Recently we added monitoring to one of our customer’s application. The app was tiny, but with a huge responsibility. We simply wanted to know if it’s alive. We went with Sensu HTTP check since it was a no-brainer. And it just worked, however, we got warning from monitoring tool.

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This is not the HTTP code you are looking for

Authentication is required to access any of given app resources. It simply does redirect to login page. 302 code is returned instead of expected one from 2xx family.

That’s not what satisfies us.

What to do about that?

We’ve found out that the best solution would be having a dedicated endpoint in the app. This endpoint should be cheap for app server to respond. It shouldn’t require any authentication nor unexpected redirection. It should only return 204 No Content. Monitoring checks will be green and everyone will be happy.

Implementation

We decided to implement /health in our app. Nonetheless, we agreed that it’s a really good practice to do such checks in all of our apps and we released a tiny gem for that. Just to easily reuse this approach. The gem is named wet-healt_endpoint. Btw. We had to prefix health_endpoint with something since all simple names are already taken in the Rubygems world.

The gem consists of Middleware which is being attached close to the response in the app’s request-response cycle. It checks if application responds to such route, it not it responds to the client with 204 No Content. We used such approach not to override already existing endpoints in an app. Just in case, someone is developing app related to health.

module Wet
  module HealthEndpoint
    class Middleware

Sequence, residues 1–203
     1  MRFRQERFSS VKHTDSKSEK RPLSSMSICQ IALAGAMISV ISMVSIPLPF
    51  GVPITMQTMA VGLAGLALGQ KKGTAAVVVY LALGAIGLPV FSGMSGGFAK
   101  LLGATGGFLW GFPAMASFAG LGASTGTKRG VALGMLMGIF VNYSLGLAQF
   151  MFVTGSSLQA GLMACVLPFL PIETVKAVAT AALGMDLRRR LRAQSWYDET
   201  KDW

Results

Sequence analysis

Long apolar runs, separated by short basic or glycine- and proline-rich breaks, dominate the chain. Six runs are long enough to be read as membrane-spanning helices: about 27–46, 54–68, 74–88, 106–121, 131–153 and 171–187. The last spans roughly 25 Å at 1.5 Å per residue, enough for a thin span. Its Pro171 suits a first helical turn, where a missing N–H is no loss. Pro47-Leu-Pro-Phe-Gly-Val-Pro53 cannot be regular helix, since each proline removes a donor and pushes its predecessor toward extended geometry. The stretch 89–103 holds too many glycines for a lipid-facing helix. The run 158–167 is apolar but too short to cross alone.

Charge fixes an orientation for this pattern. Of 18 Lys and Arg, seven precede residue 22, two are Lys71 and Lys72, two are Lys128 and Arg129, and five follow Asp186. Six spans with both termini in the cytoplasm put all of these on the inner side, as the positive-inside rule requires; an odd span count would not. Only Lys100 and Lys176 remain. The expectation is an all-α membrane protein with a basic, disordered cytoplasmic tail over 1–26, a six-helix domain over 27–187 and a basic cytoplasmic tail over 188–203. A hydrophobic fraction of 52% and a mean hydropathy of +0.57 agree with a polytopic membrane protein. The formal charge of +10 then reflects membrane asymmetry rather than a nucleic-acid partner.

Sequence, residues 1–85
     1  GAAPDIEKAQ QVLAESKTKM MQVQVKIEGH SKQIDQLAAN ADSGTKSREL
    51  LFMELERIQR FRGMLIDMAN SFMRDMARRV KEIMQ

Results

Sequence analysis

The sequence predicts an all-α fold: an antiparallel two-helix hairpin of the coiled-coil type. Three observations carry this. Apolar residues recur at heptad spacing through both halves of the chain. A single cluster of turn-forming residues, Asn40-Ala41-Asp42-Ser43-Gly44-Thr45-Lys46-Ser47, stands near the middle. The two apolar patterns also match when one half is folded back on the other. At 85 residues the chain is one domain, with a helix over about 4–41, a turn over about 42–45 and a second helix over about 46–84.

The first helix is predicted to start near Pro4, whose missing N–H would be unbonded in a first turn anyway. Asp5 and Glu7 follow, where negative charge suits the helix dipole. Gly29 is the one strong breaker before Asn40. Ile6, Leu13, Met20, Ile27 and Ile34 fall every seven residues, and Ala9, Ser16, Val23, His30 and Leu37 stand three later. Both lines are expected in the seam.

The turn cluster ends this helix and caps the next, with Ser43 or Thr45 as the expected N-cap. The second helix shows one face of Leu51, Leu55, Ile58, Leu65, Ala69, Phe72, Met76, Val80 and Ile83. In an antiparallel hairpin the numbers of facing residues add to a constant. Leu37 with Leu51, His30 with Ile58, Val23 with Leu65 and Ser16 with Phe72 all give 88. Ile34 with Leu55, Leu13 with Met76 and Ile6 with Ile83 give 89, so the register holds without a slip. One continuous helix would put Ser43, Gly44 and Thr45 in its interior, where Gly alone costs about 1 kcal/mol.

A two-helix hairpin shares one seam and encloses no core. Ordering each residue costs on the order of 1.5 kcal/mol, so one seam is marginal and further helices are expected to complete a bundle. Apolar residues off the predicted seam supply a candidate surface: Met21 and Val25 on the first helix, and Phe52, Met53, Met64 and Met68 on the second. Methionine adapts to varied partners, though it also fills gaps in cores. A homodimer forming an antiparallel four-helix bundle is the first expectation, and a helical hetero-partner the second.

def initialize(app)
        @app = app
      end

      def call(env)
        dup._call(env)
      end

      def _call(env)
        status, headers, body = @app.call(env)
        return [204, {}, ['']] if status == 404 &&
          env.fetch('PATH_INFO') == '/health'
        [status, headers, body]
      ensure
        body.close if body && body.respond_to?(:close) && $!
      end
    end
  end
end

That’s how it’s attached to the app:

require 'wet/health_endpoint/middleware'

module Wet
  module HealthEndpoint
    class Railtie < Rails::Railtie
      initializer 'health_endpoint.routes' do |app|
        app.middleware.use Middleware
      end
    end
  end
end

To use it, you simply need to add

gem 'wet-health_endpoint'

to your Gemfile and run bundle install.

How to check if it works

You can simply run a curl command

$ curl -I http://example.com/health
HTTP/1.1 204 No Content
Cache-Control: no-cache
X-Request-Id: 89d3c0c8-0b5c-421b-83a1-757dd04fef30
X-Runtime: 0.000578
Connection: close

or even better, write a test:

require 'test_helper'

class ApplicationHasHealthMonitoringEnabled < ActionDispatch::IntegrationTest

  def test_health_returns_204
    get "/health"
    assert_response(204)
  end
end

You can do even more!

Reverse proxies like Haproxy or Elastic Load Balancer understand if app instance is down and don’t route traffic to such ones.

Please see the sample Haproxy configuration:

backend my_fancy_app
  option httpcheck get /health
  http-check expect status 204
  default-server inter 3s fall 3 rise 2
  server srv1 10.0.0.1:80 check
  server srv2 10.0.0.2:80 check

Ok, so we order Haproxy to make a GET request to /health endpoint. We consider everything is ok if 204 code is returned. The action is performed every 3 seconds. After 3 sequential failures, an instance is marked as failed and no traffic is being sent there. After 2 successful checks instance is considered healthy. Last two lines specify which instances should be checked.

A sum up

It’s better to know that the app is down from your monitoring tool than from angry customer’s call. ;)